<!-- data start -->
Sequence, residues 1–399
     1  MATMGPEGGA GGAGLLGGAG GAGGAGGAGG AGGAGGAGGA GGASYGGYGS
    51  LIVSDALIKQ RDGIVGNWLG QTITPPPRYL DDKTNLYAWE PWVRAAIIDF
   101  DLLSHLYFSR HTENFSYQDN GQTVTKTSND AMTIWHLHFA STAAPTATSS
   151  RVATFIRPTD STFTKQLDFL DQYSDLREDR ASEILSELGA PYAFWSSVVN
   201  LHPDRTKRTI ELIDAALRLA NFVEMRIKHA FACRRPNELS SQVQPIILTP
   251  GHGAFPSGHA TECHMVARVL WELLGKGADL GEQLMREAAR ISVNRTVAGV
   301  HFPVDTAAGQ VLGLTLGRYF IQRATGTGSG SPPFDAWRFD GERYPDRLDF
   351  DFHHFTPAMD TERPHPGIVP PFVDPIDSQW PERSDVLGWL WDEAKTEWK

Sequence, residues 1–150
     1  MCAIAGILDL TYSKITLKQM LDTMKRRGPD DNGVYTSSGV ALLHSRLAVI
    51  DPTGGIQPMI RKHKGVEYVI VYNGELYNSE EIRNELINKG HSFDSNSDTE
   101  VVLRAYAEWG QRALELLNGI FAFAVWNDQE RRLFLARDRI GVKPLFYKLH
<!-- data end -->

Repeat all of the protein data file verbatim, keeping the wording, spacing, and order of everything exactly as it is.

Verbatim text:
Sequence, residues 1–399
     1  MATMGPEGGA GGAGLLGGAG GAGGAGGAGG AGGAGGAGGA GGASYGGYGS
    51  LIVSDALIKQ RDGIVGNWLG QTITPPPRYL DDKTNLYAWE PWVRAAIIDF
   101  DLLSHLYFSR HTENFSYQDN GQTVTKTSND AMTIWHLHFA STAAPTATSS
   151  RVATFIRPTD STFTKQLDFL DQYSDLREDR ASEILSELGA PYAFWSSVVN
   201  LHPDRTKRTI ELIDAALRLA NFVEMRIKHA FACRRPNELS SQVQPIILTP
   251  GHGAFPSGHA TECHMVARVL WELLGKGADL GEQLMREAAR ISVNRTVAGV
   301  HFPVDTAAGQ VLGLTLGRYF IQRATGTGSG SPPFDAWRFD GERYPDRLDF
   351  DFHHFTPAMD TERPHPGIVP PFVDPIDSQW PERSDVLGWL WDEAKTEWK

Sequence, residues 1–150
     1  MCAIAGILDL TYSKITLKQM LDTMKRRGPD DNGVYTSSGV ALLHSRLAVI
    51  DPTGGIQPMI RKHKGVEYVI VYNGELYNSE EIRNELINKG HSFDSNSDTE
   101  VVLRAYAEWG QRALELLNGI FAFAVWNDQE RRLFLARDRI GVKPLFYKLH